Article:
Around 6 years ago, while pitching for a digital marketing campaign, I decided to present the prospective client with data on Internet usage in Iran. No big deal I thought. I'll just put one or two stats on a PowerPoint presentation slide after googling the data. It didn't quite go according to plan.
It's not that I didn't manage to find any statistics, I found a bunch of figures but with either no source or with circular sources. The range of the numbers was quite varied, and some figures were suspiciously rounded such as 30 million as if plucked from mid-air.
What I found troubling was that there were numerous media outlets usually citing the highest figure with certainty, to back up a story. "Iran's internet users who now number over 30 million are a force to be reckoned with bla bla bla"...you get the picture.
This was in 2008. I finally turned to the ITU (International Telecommunications Union), a UN affiliated body, researching information communications technology on a global level. Their latest figures at the time were for the previous year, i.e. 2007 and at that time they stood at 11 million. The ITU has since revised the 2007 figure to under 8 million for individuals using the internet (making use of the internet at least once in the preceding 3 months when questioned). But where did their figures come from?
Well at the time from the 'Mokhaberat', which doesn't have the same sinister meaning it has in some other Middle Eastern countries, it simply refers to Iran's main (at that time state owned) telecommunications company. In fact I recently noticed that the ITU have mistakenly translated Iran's Mokhaberat company as the 'Ministry of Information' for their Iran data source, as this is the common definition of the term in the Middle East region, but crucially not in Iran!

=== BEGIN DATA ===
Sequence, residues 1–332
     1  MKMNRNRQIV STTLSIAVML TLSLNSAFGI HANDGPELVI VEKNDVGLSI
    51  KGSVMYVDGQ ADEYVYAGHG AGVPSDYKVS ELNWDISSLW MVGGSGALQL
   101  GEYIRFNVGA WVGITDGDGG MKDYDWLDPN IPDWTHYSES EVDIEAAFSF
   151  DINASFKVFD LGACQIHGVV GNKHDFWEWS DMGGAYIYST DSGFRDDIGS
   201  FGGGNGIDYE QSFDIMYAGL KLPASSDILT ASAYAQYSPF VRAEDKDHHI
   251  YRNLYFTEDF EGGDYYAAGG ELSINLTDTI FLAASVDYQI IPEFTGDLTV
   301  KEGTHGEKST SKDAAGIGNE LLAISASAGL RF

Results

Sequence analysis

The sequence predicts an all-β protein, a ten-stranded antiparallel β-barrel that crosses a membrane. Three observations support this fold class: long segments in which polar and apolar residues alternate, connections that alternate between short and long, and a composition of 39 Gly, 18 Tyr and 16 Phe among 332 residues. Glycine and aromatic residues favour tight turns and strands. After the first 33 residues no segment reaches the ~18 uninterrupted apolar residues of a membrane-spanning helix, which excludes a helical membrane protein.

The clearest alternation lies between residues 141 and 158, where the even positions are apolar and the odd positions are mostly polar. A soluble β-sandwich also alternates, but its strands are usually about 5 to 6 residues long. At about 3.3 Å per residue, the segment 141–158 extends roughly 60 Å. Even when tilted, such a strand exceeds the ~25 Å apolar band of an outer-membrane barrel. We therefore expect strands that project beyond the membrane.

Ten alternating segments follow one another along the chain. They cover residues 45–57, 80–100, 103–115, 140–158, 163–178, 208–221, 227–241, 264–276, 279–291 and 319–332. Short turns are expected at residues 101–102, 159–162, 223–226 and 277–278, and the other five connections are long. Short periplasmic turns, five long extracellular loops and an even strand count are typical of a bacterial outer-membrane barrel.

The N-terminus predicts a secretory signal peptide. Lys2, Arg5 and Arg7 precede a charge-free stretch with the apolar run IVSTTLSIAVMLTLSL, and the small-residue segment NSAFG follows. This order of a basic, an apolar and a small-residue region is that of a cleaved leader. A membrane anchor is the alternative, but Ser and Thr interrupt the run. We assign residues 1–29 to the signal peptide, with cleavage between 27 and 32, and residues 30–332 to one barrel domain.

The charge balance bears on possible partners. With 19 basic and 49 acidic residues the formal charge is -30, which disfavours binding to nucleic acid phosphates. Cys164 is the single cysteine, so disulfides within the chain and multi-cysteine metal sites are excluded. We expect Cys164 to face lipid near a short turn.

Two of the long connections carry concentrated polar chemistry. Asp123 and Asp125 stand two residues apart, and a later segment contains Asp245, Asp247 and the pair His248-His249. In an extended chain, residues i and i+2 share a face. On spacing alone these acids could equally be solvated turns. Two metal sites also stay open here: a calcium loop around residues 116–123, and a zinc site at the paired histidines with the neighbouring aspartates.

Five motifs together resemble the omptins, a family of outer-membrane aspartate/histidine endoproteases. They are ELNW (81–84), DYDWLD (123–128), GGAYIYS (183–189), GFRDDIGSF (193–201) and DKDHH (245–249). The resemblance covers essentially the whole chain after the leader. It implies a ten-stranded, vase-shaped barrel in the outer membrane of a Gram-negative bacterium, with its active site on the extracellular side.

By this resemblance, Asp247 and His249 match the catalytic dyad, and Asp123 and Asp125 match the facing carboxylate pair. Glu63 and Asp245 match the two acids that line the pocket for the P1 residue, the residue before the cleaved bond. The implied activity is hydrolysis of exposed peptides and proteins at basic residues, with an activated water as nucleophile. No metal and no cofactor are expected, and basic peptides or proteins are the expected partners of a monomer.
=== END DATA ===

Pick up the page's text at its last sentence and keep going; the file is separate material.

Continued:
But although these figures seemed more realistic, they were also a bit suspect. For example the following year the ITU figure jumped to over 20 million and then dropped back again to 13 million the consequent year. These figures have all now been revised by the ITU. At the time, I telephoned a close friend who worked as a top executive in one Iran's best knows ISPs (Internet Service Providers). He was able to tell me that the 2008 figure of 30 million was a wild fantasy. He indicated that the figure of 11 million may also be high, but he had no data to back up an alternative figure.
Fast forward to 2014
Ever since that time I have kept a close eye on Internet usage stats and can shed some light on them.
Ignore any stats on Iran's internet usage from the 'Internet World Stats' website www.internetworldstats.com
Now this source ranks very high on Google when you search for the number of internet users in Iran, hence it's picked up by many media outlets, who then go on to cite each other, despite the original source not being very transparent. You see the source of the Iran internet usage data on Internet World Stats is....wait for it....IWS, which as you may have guesses stands for Internet World Stats. Yes, the source for the data is the data itself! Okay I hear you say, but surely no one is going to take a site which has an ad of scantly clothed Filipino girls on its homepage seriously, are they? Hmmmm well you might be surprised.